3.                  What will be the consequences if a few large airlines or networks come to dominate global air service?

The consequences would be both positive and negative. On the positive side, passengers should be able to travel almost anywhere in the world on a single airline (or network). That in turn should minimize the risk of missed connections and lost baggage. Operating economies should be realized as a result of the higher utilization of airport gates and ground equipment—consequent savings may or may not be passed along to passengers through lower prices. On the negative side, it is quite possible that minimal competition would lead to poor service and/or high prices. In addition, competition among the destinations associated with particular airlines would likely decline, as would the special services offered by the “niche” airlines.


4.                  Some airlines, such as Southwest and Alaska Air, have survived as niche players without going international or developing alliances with international airlines. Can they continue this strategy?

When there is sufficient traffic on the city pairs that a route serves, there is little need to have feeder or connecting routes for an airline to be profitable. In fact, without the need for hubs to make connections, some airlines can operate in smaller but closer-to-downtown airports, such as Midway in Chicago or La Guardia in New York. They can avoid the costs associated with the transfer of bags to connecting flights and the payment of overnight expenses to passengers who miss connections. In addition, they may be able to overcome any disadvantages from small-scale operations by targeting their promotion to regional and niche groups and by running low-cost operations that charge low fares. Conventional wisdom would suggest they can in fact survive in their present operational mode and that attempts to expand and/or modify their operations might make them more, rather than less, vulnerable.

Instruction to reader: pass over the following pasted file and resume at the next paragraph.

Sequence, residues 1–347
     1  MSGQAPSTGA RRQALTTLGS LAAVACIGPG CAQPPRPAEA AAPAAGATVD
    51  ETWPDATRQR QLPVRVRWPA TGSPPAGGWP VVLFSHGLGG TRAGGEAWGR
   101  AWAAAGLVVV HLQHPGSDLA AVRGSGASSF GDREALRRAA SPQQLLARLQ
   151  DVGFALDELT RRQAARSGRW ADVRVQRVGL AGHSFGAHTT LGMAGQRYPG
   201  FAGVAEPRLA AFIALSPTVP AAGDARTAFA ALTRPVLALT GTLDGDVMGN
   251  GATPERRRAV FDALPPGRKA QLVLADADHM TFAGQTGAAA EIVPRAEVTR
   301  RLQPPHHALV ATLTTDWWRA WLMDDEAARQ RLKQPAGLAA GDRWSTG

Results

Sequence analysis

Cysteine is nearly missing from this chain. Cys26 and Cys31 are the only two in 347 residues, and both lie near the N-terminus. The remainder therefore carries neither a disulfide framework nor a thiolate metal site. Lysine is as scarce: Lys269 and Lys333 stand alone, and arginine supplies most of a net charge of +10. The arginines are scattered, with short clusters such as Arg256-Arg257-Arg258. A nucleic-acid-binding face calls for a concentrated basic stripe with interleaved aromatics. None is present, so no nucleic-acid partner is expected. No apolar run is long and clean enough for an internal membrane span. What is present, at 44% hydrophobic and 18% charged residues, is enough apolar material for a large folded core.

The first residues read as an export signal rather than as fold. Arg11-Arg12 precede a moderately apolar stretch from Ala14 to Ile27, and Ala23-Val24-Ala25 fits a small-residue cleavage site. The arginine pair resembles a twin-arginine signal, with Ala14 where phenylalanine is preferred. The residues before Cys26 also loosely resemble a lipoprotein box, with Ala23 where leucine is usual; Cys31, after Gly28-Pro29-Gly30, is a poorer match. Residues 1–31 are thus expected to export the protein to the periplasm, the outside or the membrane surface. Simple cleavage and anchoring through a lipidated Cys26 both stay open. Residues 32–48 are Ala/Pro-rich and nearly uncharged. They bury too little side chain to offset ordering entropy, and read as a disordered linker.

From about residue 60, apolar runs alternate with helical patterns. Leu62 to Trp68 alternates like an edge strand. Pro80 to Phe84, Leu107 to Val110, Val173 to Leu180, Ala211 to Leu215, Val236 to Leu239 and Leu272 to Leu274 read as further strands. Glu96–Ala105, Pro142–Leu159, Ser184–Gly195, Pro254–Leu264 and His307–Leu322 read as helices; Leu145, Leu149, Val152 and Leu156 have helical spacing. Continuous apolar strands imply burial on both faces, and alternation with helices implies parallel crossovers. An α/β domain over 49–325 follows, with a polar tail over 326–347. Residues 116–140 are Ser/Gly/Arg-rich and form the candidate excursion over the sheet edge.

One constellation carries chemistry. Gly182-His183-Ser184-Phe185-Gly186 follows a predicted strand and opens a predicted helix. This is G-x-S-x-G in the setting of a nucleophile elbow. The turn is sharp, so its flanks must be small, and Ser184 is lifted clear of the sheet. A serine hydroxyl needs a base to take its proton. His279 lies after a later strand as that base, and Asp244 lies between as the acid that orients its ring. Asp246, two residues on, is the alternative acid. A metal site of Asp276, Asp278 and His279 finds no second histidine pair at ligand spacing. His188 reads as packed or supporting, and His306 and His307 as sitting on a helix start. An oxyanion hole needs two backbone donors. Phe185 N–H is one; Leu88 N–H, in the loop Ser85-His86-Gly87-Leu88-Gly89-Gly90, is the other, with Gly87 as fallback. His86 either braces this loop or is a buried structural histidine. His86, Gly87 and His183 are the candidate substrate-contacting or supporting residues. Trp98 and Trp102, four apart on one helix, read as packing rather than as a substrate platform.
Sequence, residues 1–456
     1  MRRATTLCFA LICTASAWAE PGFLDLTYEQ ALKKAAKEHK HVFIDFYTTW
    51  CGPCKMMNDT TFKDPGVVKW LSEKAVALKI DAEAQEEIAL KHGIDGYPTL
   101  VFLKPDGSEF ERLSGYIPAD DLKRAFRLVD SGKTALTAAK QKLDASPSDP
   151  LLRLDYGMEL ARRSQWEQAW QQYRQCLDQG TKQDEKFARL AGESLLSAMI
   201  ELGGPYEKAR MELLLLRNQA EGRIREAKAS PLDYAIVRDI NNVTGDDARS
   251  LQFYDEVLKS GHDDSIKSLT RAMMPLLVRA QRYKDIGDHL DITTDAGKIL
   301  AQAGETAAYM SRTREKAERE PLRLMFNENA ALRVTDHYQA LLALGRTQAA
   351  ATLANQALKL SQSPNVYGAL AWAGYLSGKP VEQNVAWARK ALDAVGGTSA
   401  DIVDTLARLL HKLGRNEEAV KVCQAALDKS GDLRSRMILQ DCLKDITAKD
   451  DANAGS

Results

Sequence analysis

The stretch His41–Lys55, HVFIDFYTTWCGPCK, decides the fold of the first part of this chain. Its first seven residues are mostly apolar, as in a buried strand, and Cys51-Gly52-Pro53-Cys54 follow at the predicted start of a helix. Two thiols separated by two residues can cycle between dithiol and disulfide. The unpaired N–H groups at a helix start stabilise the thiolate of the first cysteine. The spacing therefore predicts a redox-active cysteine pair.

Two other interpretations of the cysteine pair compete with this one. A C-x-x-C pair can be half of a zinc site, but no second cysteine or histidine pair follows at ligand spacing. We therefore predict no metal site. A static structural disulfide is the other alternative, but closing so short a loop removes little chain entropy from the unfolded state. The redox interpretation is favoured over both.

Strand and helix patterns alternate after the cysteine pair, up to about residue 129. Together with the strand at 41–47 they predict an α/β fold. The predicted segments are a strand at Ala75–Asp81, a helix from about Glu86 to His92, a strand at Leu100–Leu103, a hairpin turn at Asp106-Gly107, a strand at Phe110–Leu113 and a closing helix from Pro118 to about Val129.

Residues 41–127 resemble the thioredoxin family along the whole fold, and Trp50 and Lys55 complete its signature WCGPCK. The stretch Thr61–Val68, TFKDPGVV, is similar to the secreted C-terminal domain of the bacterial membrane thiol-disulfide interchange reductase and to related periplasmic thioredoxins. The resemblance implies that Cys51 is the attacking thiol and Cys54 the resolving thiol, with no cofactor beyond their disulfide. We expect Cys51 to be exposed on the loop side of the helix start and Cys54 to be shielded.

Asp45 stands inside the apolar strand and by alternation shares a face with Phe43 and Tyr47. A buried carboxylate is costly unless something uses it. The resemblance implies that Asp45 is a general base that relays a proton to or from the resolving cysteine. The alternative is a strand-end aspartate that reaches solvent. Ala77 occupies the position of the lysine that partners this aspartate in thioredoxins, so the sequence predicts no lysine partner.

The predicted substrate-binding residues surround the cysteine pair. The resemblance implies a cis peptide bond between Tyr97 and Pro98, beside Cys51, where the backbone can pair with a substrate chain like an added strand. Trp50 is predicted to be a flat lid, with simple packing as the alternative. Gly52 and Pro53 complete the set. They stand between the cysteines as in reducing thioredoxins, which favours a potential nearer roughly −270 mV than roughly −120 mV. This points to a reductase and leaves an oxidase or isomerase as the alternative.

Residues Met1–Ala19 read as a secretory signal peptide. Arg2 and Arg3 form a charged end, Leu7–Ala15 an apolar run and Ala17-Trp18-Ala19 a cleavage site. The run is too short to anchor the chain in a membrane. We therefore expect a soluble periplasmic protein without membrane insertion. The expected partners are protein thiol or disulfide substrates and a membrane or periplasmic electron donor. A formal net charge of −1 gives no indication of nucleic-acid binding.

Additional Exercises: Collaborative Strategies


Exercise 14.1. Ask students to name companies, both domestic and foreign, that operate internationally. Then ask them to discuss the potential types of collaborative arrangements they feel would be appropriate for the various firms. Conclude the discussion by examining the list of firms and asking students if there are particular industries that seem to lend themselves to particular types of collaborative arrangements more readily than others. Be sure the students discuss why this might be so.


Exercise 14.2. Identify the various home countries of students in your class. Then lead the class in a discussion of the likely types of collaborative arrangements foreign firms might pursue in those countries. Be sure students cite the various economic, political and cultural factors that would influence decisions regarding viable collaborative strategies.


Exercise 14.3. While offering desirable advantages, licensing agreements also limit the amount of control a licensor can exercise over a foreign production process. Engage the students in a discussion of the type of firm that would most likely be willing to allow a licensee to use its established brand name, and the type of firm that would not be willing to do so. Explore the reasons for each position as well as the reasons a licensee would be willing to accept a license that did not include rights to the use of the associated brand name.